If you want to really force the change with the company and make them aware of your dissatisfaction; I would continue to keep the evidence of emails and screen shots you have amassed during the ordeal. I would make one more call and ask to speak with someone at a higher level, preferably someone in their operations department. A lot of times (and I know I worked for a Health Insurance Company in the IT department) these companies outsource their web-design to other companies, they may not even be truly aware of the situation. If you do get to speak with someone tell them you want a date and time when the problem will be resolved. If they cannot give you a date, then you ask for a letter in writing that the situation has been resolved and has been implemented in place to prevent it from happening again. No company should ever refuse to write such a letter. If they tell you they do not have the authority to do such a task then you need to speak with someone who does. Remember that threats and abusive behavior never get anyone anyplace; it will do nothing but discredit you.
If you continue to have problems, or get the “round about” with this company and its staff I then suggest you contact your local police department and make a report of harassment. I would not take them to small claims court, I feel this defeats your purpose and again shows nothing but that you see dollar signs.

Good luck.
posted by lutzla23 at 2:48 PM on April 12, 2006


I suppose I should have reworded the second question as "is this against the law?" because, yeah, going to small claims court is an awful lot of trouble and not worth the twenty bucks I'd get out of it, but I'd like for them to see some consequences to their response of "we don't really feel like it" when I said "stop it". I sure as hell don't think that it would be anything close to a financial windfall, unless your definition of a windfall is enough to pay for parking downtown and buy lunch at the courthouse cafeteria.

Also, I know I could filter their emails, but I see this as something that they should fix, not something that I should have to work around because, as lutzla pointed out, ignoring bad behavior isn't going to do anything to make it go away. I can't imagine asking my IT department to make changes to accomodate someone else's broke-assed system; I'd like to actually attempt to get them to make their shit work the way it's supposed to.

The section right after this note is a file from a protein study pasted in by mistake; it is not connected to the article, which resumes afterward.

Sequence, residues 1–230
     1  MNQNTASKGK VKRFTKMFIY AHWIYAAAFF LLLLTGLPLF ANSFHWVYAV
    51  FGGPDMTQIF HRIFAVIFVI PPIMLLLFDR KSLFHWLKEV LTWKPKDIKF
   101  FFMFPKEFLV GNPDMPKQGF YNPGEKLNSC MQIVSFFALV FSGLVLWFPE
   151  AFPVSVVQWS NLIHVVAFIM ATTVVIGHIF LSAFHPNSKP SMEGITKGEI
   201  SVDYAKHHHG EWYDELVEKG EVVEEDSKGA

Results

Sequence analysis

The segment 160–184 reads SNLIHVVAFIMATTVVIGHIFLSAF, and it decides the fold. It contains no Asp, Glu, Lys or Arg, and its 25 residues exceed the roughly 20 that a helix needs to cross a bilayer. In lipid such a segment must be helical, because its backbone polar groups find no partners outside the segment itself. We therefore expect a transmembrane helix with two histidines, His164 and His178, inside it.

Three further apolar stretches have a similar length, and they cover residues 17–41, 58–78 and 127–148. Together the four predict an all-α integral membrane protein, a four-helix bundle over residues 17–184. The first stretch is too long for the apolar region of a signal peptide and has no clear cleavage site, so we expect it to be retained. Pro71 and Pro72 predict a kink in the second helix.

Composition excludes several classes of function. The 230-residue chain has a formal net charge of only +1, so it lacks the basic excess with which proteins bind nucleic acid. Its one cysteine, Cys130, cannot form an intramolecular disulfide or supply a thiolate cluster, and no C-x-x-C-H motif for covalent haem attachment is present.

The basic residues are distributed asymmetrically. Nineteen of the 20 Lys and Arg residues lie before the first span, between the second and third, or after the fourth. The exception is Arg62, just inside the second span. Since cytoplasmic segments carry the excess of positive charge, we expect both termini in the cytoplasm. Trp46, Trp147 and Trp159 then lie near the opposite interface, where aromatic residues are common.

I've spoken to an actual person at their executive offices, who agreed that this was not acceptable ("They told you to delete them? Yeah, that's not right") and she's going to work on it for me. Plus, I've got screenshots and all so if I continue to get the runaround I can be a PITA about it. (Or more of one, I guess, depending on how you're looking at it.)
posted by stefanie at 4:49 PM on April 12, 2006


What I have done in just such a situation:

- got their administrative and technical contact phone numbers from Whois

- Called them up everytime I got an email that I didn't want.

- If I got their answering machine I left a message.

This lasted only a few days.

Note: this might not be the best way to go, either.
posted by barnacles at 4:58 PM on April 12, 2006


File a spam complaint with their domain name registrar. Some registrars are pretty trigger-happy. It this works, it will be very satisfying.
posted by ryanrs at 5:35 PM on April 12, 2006


"Jesus, what is it with Americans and wanting to sue people?"

It's not the wanting money part, it's that corporations generally ignore you until they're likely to LOSE money.
posted by klangklangston at 6:02 PM on April 12, 2006 [1 favorite]


I suggest setting up a rule in your e-mail software to automatically forward all their spam to humans at their company, with a note that explains the situation, then automatically deletes the message for you.

I don't know how hard that is to do in other e-mail programs, but it's dead easy with Apple Mail.

You forget about the situation in a week or two, and meanwhile any e-mail they send to you just lands in their own inboxes.

It's like setting them up with a spam annuity.
posted by I Love Tacos at 7:40 PM on April 12, 2006


Thanks for the tips, guys. And thank you, I Love Tacos, for the phrase "spam annuity".
posted by stefanie at 11:56 PM on April 12, 2006